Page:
The death of the body is but a gentle passing to a much freer life.
- Helen Greaves, author
Certain people make an impression on our minds and hearts that never goes away. This is as true for nurses as for everyone else.
Grace, my 70-year-old patient, was one of those people. On my first visit with her, Harold, her 50-year-old boyfriend, met me at the door with a smile and hardy handshake. They had been together for more that 25 years and loved each other dearly.
She was a tiny, thin, frail woman who had obviously had her breasts enhanced long ago and now they were literally the largest part of her. I mention this only because the couple kidded back and forth about their size. Their openness was refreshing; instead of trying to cover up and pretend otherwise, they laughed about it.
Grace was dying of lung cancer that had spread to other parts of her body, and she was often in a great deal of pain. She was ever so willing to listen to me about the medications that would give her the best relief and took them as directed.
When you see love in action, you cannot miss it. Harold cared about her comfort more than Grace did and he maintained a schedule that kept her pain-free. Nothing was too much for him to do for her; it is in these times when you see face-to-face compassion and tenderness at its very best.
They had moved from church to church during their lifetime together and had settled on one years before where they felt they heard the word of God spoken most clearly. Church friends and their pastor could be found at Grace’s bedside night and day, and you really saw “the communion of saints” in a very tangible way when you were with them.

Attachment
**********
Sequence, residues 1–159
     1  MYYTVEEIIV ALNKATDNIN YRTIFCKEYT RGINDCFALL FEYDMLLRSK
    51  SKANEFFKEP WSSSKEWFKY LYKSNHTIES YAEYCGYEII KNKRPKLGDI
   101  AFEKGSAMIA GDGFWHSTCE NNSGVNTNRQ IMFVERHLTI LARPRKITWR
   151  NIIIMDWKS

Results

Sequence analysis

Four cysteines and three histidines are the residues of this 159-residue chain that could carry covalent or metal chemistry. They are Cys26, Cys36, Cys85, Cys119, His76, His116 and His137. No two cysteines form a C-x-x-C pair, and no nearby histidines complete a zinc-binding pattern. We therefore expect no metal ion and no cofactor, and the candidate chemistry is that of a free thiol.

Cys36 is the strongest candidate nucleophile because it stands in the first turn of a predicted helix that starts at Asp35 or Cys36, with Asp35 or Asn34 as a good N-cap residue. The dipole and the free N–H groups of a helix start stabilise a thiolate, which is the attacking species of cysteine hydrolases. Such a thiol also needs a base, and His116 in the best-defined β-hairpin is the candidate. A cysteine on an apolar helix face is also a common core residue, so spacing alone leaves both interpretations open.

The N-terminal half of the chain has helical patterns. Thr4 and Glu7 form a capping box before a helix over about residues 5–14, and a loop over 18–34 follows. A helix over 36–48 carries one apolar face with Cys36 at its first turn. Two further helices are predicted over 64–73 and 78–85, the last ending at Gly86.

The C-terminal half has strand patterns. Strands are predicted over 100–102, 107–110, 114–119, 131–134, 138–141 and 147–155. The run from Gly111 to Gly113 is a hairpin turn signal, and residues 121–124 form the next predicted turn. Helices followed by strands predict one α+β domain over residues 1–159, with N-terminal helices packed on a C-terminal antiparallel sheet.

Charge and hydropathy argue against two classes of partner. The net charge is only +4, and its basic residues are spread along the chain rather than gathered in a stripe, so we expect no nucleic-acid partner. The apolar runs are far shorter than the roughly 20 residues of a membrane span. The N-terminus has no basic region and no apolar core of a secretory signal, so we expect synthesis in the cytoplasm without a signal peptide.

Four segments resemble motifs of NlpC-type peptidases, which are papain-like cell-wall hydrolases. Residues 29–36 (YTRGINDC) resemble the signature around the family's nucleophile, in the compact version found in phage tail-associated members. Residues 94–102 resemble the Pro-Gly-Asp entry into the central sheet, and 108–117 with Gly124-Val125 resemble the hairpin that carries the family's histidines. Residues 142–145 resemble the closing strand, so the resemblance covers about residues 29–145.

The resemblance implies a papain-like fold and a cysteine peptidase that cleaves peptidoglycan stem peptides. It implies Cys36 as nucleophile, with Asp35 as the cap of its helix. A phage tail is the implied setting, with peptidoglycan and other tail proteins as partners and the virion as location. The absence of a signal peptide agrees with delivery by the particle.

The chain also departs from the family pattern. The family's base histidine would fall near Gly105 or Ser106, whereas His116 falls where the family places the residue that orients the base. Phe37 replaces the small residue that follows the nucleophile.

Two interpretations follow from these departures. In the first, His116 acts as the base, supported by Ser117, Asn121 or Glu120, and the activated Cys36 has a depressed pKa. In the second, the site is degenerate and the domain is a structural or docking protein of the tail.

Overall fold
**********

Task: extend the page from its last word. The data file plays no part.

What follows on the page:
As Grace began to die, I found myself sitting on the floor next to her bed more often than not. It was peaceful there. She was totally unafraid, with no questions left to ask. For me, it was like being in a small chapel, a very holy place. We would sit silently together with Harold nearby.
A few days before her death, as Grace was resting, she started to look all around the room. Her eyes grew wider and wider and she mouthed the words, “Oh, it’s so beautiful.” When I asked her what she was looking at, she said, “The flowers—they are all so beautiful; they move in the wind and none of them are the same color. The music is like nothing I ever heard before—like a symphony coming from everywhere. Can you hear it too?” She was looking at Harold as she asked and seemed to want him to be able to hear it too.
Love means wanting your loved one to be as happy as you are. You could not miss that between them. “Is this what heaven is like?” Grace asked. I assured her that God was giving her a glimpse of heaven now before he took her home to Himself. She smiled and nodded; those were the last words she spoke. She died the next day.